Audio Damage Bitcom: the "bit-bashing step sequencer with attitude"

Audio Damage Bitcom: don't make it angry. Or maybe do.
Audio Damage Bitcom: don't make it angry. Or maybe do.

Whereas some plug-ins are designed to add subtle vintage warmth, Audio Damage's new Bitcom is unashamedly modern and billed as a "bit-shredding digital banshee that beggars description and lives on the edge of instability".

It features a step sequencer that drives a custom-designed bitcrusher that has a synth sidechcain. It promises to wreak havoc on even the most sedate sounds and can be yours for Mac and PC (VST/AU) for $39.

Check it out on the Audio Damage website.

Audio Damage Bitcom features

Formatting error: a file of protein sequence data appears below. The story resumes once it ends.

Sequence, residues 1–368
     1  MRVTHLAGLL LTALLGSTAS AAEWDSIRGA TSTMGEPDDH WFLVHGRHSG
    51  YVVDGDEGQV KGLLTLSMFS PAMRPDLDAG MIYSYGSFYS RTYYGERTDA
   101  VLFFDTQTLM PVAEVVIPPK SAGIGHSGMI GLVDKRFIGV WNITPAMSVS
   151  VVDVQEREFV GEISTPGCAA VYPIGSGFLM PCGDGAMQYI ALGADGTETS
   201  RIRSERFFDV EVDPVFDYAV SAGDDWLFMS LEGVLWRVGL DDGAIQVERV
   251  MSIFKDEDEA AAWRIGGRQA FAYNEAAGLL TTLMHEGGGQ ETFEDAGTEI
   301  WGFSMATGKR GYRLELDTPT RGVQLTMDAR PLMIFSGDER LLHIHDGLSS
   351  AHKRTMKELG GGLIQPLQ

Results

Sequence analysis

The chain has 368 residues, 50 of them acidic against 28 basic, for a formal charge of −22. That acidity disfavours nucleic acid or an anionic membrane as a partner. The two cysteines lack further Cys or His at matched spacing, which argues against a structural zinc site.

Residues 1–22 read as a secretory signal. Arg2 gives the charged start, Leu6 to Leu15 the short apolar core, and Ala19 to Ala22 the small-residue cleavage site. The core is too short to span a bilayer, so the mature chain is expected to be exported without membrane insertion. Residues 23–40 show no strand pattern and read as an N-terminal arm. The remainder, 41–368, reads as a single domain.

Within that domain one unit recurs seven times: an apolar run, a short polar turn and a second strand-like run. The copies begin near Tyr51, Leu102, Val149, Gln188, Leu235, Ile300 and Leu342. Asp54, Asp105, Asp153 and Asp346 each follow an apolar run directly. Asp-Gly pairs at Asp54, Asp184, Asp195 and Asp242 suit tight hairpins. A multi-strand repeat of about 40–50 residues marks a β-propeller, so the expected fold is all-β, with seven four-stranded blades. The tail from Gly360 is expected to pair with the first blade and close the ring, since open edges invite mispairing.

Bit Banging: Bitcom's bit engine is unique; each step has eight switches that (to simplify matters greatly) turn individual bits on and off. So all 8 switches on, and the output is pretty much like the input. Start turning them off and Strange Things Happen.

Synth Signal: Bitcom includes a simple monophonic synth that can either be always on, envelope driven, or controlled via MIDI. This is mixed with the input signal to create strange new sounds. Alternatively, Bitcom can be used without any input at all, as a moderately capable synth.

Sequencer: Bitcom's step sequencer syncs to the host DAW. The sequence can be of arbitrary length from 1 to 16 steps, and the sequencer has internal swing.

Ben Rogerson
Deputy Editor

I’m the Deputy Editor of MusicRadar, having worked on the site since its launch in 2007. I previously spent eight years working on our sister magazine, Computer Music. I’ve been playing the piano, gigging in bands and failing to finish tracks at home for more than 30 years, 24 of which I’ve also spent writing about music and the ever-changing technology used to make it.